"Go ahead and make all the plans you want. Dream of what you will do in the future. Life and God enjoy a good laugh."
That was a variation of an old quote I once saw. It is so true. This has been a year of crushing workloads, rapid calls for meetings, and a chaotic churning of responsibilities. Technically, I should have had to endure the "empty nest" syndrome as the two youngest were supposed to move on after high school graduation. But they did not. Both live at home still. One has goals, nebulous though they are. The other just lives for internet arguments and playing games. I'm calling it a "gap year" as both are rather naive and unprepared for the world they will be inheriting.
The gaming part of life is also in flux. Had a good run in a campaign which introduced a new set of rules I never fully understood. Its roots were based in Far Eastern mythology, culture, and practices. Never been very interested in that part of the world, except in terms of foods and drink. So, it was tough to get into the world and get a good handle on my character. I'm not saying it wasn't fun or that I didn't have a good time, but there were moments where I just sat back and let others handle the situation.
The new campaign doesn't quite feel "right". I'm not sure what it is that feels off, but there's something missing or something not working right. I hope to figure it out soon as it detracts from my desire to play. Discussing it with others has led me to think that a part of the problem is me. I game because I want an outlet for the frustrations of life. I want to "kill" things and do ridiculous stuff. I want shenanigans and stupid antics. If there's not a good belly laugh during the session, then it's not a good session. If there's not a moment where we all just sit mouth agape at the absolutely ridiculous solution presented to a problem, then it's not a great session.
During some of those discussions, I learned something else. I've mentioned here before about the differences in styles of play. I had somewhat explored this idea before as well, but a friend put it most succinctly the other day and I will adjust it to even better clarify it. Here it goes:
If your favorite fantasy books fall into the likes of Robert E. Howard (Conan, Kull, Solomon Kane, etc) or Fritz Leiber (Fafhrd & Grey Mouser), then you view your characters as "Adventurers". They sometimes do good, sometimes do bad, but always look for fun and hijinks. There is no grand scheme and each one carves out his or her own story from whole cloth.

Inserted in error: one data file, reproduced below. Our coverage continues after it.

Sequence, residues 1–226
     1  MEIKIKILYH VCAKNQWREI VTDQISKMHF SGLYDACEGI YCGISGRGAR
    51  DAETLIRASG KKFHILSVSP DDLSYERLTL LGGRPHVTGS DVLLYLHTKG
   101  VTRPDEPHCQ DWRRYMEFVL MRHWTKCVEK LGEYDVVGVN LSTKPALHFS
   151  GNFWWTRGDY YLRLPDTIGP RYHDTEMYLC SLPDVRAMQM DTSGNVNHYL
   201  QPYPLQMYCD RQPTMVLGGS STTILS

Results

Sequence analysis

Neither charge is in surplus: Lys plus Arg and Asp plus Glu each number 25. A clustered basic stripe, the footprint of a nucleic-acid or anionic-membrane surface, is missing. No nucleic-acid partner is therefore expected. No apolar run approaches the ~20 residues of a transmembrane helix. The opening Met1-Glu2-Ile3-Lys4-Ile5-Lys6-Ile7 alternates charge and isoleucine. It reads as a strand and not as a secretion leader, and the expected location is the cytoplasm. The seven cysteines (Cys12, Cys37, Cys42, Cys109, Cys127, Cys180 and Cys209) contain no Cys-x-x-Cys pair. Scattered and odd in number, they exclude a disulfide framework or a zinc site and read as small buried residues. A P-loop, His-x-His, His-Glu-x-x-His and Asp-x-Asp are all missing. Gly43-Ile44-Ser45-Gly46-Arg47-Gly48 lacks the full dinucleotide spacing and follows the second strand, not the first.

If your favorite author is Tolkien or that ilk, then your characters are "Heroes". They only do good and help the unfortunate. There's a grand overall scheme to the world and they help to bring it to a good conclusion.
If your favorite author is Jordan or Sanderson or some of the newer fantasy writers, then your characters are "Destiny Bound" heroes. There's a grand scheme and no matter what their actions are, there is no changing of destiny. And once that is accepted, the adventure begins to see where Destiny leads.
So, as my favorite form of fantasy escapist reading is along the lines of pulp Weird Tales style stuff, it's now wonder I prefer that style of play and that form of GM-ing. Ask me to be the hero, and I'll find ways to disappoint you. Ask me to follow your crafted storyline and I'll dynamite your railroad tracks. I'm not trying to be mean or disruptive, I'm just trying to vent through the game system.
What's the point here? Well, I figure if you're unhappy with a GM or a campaign, maybe you need to step back and see if the problem is you want X and the GM is providing Y. And I think that's my problem with the current campaign. I'm asked to be a hero and follow a story line, when all I want to do is kill stuff and burn things down. Since I'm the location host, I'll just sit back and work on what I'll run when it's my turn in the DM seat.
Good luck out there.